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3 CCNY Students Receive Jeannette K. Watson Fellowship

Top to bottom: CCNY students Jose Esteban Rodriguez Alverio, Elizabeth Kelman and Nicholas Macaluso; 2011 Jeannette K. Watson Fellows.

City College of New York students Jose Esteban Rodriguez Alverio, Elizabeth Kelman and Nicholas Macaluso have received Jeannette K. Watson Fellowships for 2011.  They are among 15 undergraduate recipients from 12 New York City colleges and universities.

The fellowship, a program of the Thomas J. Watson Foundation, is a three-year program centered around three summer internships that provide fellows with professional development opportunities and mentoring.  The internships include a stipend of $5,000 for the first two summers and $6,000 for the final summer.

Watson fellows intern with nonprofit agencies, business organizations, and in government service.  Through partnerships with the Institute of International Education, the International Planned Parenthood Federation, Save the Children and other organizations, fellows can apply for international assignments for the third summer.

Mr. Alverio, a freshman theatre major born in Puerto Rico, is leader of the All Stars Project in New York, a non-profit organization that provides outside of school educational and performing arts activities for minorities.  As a volunteer with this program, he has led outreach events, helped conduct training seminars and been a motivational speaker.  Mr. Alverio is also an actor with the Castillo Theatre.

“I feel it is my duty to live up to my potential.  I plan to live my life serving this world,” explains Mr. Alverio. “My goal is to leave this world better than when I entered it.”

Ms. Kelman, a junior in the Macaulay Honors College, has a concentration in global health. Last summer, she was a policy intern at Earth Day Network, where she contributed coalition-building efforts for the No Child Left Inside Act and helped construct a new school garden in the Anacostia neighborhood of Washington.  She also volunteered in Mexico through the Amigos de las Americas program, which provides communities with volunteers in public health, education and community development.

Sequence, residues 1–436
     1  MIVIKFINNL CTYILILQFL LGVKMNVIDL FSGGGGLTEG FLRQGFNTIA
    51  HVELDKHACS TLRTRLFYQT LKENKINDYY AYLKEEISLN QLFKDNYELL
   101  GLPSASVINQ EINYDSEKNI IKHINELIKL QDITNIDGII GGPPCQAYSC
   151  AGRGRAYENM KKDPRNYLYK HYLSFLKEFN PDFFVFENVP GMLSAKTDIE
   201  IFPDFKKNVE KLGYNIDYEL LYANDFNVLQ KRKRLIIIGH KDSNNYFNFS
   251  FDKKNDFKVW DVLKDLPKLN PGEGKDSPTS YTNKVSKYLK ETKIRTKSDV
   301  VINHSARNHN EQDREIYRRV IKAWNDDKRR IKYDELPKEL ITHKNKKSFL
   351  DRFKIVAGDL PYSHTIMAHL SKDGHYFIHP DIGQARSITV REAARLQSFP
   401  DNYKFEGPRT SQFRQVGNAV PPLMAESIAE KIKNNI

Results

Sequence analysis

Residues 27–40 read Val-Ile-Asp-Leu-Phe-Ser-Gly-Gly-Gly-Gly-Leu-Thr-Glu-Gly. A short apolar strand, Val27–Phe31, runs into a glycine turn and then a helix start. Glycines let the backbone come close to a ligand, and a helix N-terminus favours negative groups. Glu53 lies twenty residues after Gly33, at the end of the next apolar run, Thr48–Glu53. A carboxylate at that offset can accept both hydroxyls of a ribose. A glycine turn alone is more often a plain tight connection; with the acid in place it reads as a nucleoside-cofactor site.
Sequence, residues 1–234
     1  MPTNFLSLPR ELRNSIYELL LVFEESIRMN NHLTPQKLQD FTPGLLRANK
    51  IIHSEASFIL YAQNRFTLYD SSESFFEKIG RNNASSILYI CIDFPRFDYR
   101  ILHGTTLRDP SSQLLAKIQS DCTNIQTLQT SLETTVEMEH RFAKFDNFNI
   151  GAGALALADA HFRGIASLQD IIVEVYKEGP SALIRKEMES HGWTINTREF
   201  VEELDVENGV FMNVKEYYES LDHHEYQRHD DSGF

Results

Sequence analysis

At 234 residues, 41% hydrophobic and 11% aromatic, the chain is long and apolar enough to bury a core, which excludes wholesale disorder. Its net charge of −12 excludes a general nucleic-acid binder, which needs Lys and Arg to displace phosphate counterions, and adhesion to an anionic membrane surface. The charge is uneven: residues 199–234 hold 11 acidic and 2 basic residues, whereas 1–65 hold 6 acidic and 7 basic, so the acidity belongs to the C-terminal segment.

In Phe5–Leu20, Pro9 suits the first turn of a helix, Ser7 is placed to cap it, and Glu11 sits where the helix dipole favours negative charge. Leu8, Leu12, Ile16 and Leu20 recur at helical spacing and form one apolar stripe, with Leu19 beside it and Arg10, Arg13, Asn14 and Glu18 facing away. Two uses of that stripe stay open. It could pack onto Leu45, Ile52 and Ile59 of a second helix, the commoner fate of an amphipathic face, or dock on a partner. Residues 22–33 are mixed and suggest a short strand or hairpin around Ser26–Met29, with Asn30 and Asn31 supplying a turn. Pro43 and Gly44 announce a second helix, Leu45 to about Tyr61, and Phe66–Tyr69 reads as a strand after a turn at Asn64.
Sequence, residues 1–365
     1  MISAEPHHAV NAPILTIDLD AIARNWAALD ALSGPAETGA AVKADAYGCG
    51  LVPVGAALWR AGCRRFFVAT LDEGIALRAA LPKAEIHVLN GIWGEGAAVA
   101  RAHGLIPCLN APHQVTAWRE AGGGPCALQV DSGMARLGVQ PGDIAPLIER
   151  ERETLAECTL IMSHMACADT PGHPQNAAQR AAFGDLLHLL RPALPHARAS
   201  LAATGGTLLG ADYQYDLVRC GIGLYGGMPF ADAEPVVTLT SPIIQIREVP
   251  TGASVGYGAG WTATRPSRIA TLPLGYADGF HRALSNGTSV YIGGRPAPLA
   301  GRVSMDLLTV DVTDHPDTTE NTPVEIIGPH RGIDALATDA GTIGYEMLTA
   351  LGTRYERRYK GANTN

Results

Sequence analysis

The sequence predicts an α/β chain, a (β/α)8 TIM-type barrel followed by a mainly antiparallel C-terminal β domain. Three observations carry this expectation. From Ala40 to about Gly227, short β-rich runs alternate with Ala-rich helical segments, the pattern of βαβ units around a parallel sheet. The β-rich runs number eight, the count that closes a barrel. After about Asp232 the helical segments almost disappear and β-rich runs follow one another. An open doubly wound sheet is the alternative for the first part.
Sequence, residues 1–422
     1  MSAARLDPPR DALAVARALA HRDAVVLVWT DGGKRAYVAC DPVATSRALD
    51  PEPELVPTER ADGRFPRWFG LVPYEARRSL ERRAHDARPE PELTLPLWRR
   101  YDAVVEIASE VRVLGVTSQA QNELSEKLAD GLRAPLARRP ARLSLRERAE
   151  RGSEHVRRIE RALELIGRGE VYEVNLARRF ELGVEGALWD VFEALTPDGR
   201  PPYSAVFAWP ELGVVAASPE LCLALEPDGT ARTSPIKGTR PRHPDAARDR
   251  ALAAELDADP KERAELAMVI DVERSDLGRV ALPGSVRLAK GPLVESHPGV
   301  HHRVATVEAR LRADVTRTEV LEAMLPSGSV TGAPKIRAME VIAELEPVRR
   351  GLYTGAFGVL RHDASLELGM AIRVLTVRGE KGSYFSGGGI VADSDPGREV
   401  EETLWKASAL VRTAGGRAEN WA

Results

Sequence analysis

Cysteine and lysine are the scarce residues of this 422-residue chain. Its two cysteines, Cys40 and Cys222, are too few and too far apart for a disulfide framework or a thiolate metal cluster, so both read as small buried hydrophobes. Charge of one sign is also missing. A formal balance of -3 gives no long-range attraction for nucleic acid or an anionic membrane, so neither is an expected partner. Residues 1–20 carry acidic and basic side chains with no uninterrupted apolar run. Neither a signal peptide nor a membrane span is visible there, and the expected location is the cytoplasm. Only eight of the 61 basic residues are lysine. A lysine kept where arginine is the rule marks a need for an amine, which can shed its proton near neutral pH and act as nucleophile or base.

“Although I have not yet made concrete decisions about what I would like to accomplish in my life, I know I would like to effect a positive sustainable change in the wellbeing of a population, guided by the idea that health is intimately intertwined with environmental health,” says Ms. Kelman.

Mr. Macaluso, a sophomore mechanical engineering major in the Macaulay Honors College, strives to align his career goals with the nonprofit organization he is a part of, Engineers Without Borders.  This organization works with communities in developing countries to help improve access to clean water, power, sanitary living conditions and education.

“What I seek to achieve is not a utopia, however, nor is it a land in which we can all live harmoniously in serenity,” says Mr. Macaluso. “What I aim to accomplish is to aid in the development of an empathetic world.”

The fellowship program begins in June, with fellows participating in internships constructed for them by the Jeannette K. Watson Fellowship staff.

On the web:

Jeannette K. Watson Fellowship

City College Honors Center

Macaulay Honors College



Ellis Simon
p: 212.650.6460